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MATH2040 Financial Mathematics

Module Overview

This module provides a solid mathematical introduction to the subject of Compound Interest Theory and its application to the analysis of a wide variety of complex financial problems, including those associated with mortgage and commercial loans, the valuation of securities, consumer credit transactions, and the appraisal of investment projects. The investment and risk characteristics of the standard asset classes available for investment purposes are also briefly considered, as is the topic of asset-liability matching. The module also provides introductions to the term structure of interest rates, simple stochastic interest rate models, the concept of no-arbitrage pricing of forward contracts, and behavioural economics.

Aims and Objectives

Learning Outcomes

Learning Outcomes

Having successfully completed this module you will be able to:

  • Use a generalised cash-flow model to describe financial transactions.
  • Apply discounted cash flow techniques to the valuation of securities, including the effects of taxation.
  • Demonstrate an understanding of the term structure of interest rates.
  • Describe the main investment and risk characteristics of the standard asset classes available for investment purposes.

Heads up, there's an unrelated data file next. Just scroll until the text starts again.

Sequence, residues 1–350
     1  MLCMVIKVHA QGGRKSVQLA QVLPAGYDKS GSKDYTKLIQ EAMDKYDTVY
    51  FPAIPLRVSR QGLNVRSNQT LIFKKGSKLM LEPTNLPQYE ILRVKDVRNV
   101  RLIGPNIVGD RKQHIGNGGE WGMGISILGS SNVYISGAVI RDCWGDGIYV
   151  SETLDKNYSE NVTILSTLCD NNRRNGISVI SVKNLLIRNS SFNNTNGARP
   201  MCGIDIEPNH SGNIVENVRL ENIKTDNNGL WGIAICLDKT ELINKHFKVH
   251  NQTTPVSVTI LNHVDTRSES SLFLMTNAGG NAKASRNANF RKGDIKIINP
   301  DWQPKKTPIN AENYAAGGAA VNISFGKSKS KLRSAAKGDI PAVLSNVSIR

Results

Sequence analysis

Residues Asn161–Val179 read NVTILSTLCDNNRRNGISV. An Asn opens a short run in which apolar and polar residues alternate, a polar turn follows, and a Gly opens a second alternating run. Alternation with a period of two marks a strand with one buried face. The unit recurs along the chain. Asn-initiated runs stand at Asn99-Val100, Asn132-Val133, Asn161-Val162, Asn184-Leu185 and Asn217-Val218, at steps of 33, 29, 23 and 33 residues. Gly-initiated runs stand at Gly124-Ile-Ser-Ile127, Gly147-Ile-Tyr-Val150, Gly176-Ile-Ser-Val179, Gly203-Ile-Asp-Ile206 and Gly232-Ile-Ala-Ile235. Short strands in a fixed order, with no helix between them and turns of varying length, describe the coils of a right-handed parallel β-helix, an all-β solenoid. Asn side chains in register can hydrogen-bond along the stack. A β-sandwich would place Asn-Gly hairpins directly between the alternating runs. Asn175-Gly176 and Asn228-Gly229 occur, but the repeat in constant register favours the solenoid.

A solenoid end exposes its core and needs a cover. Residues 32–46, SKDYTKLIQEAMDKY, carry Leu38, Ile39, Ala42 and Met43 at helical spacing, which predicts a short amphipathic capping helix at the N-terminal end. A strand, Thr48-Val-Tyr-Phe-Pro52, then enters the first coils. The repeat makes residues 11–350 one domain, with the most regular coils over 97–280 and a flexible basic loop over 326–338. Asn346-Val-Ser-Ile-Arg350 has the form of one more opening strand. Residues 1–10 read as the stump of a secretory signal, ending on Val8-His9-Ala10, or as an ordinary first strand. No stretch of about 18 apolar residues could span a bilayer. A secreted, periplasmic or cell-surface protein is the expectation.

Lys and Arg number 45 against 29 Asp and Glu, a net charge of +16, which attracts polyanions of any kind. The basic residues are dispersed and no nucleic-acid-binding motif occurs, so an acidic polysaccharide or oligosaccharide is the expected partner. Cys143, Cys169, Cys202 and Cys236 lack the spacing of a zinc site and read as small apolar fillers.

• Calculate the discounted mean term or volatility of an asset or liability and analyse whether an asset-liability position is matched or immunized.
  • Demonstrate an understanding of the nature and use of simple stochastic interest rate models.
  • Calculate the forward price and value of a forward contract using no-arbitrage pricing.
  • Take into account the time value of money by using the concepts of compound interest and discounting.
  • Demonstrate how interest rates and discount rates change when the underlying time period is altered.
  • Calculate the present value and accumulated value of a cash flow of equal or unequal payments, at a specified rate of interest, and at a real rate of interest, assuming a given rate of inflation.
  • Define and use standard compound interest functions.
  • Analyse straightforward compound interest problems, and solve resulting equations of value, including for the implied rate of return.
  • Describe how a loan may be repaid by regular instalments of interest and capital.
  • Apply discounted cash flow techniques to investment project appraisal.
  • Demonstrate an understanding of behavioural economics.

Syllabus